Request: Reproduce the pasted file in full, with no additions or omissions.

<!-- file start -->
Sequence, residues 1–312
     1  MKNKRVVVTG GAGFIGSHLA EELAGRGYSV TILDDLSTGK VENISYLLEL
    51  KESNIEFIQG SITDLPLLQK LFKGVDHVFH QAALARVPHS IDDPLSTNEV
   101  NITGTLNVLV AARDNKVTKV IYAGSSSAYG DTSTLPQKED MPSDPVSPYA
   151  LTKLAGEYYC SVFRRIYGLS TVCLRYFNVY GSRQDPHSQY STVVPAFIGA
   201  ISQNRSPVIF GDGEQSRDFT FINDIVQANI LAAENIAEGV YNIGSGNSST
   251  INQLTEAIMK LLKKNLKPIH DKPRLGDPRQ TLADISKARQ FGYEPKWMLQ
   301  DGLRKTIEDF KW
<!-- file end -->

Sequence, residues 1–312
     1  MKNKRVVVTG GAGFIGSHLA EELAGRGYSV TILDDLSTGK VENISYLLEL
    51  KESNIEFIQG SITDLPLLQK LFKGVDHVFH QAALARVPHS IDDPLSTNEV
   101  NITGTLNVLV AARDNKVTKV IYAGSSSAYG DTSTLPQKED MPSDPVSPYA
   151  LTKLAGEYYC SVFRRIYGLS TVCLRYFNVY GSRQDPHSQY STVVPAFIGA
   201  ISQNRSPVIF GDGEQSRDFT FINDIVQANI LAAENIAEGV YNIGSGNSST
   251  INQLTEAIMK LLKKNLKPIH DKPRLGDPRQ TLADISKARQ FGYEPKWMLQ
   301  DGLRKTIEDF KW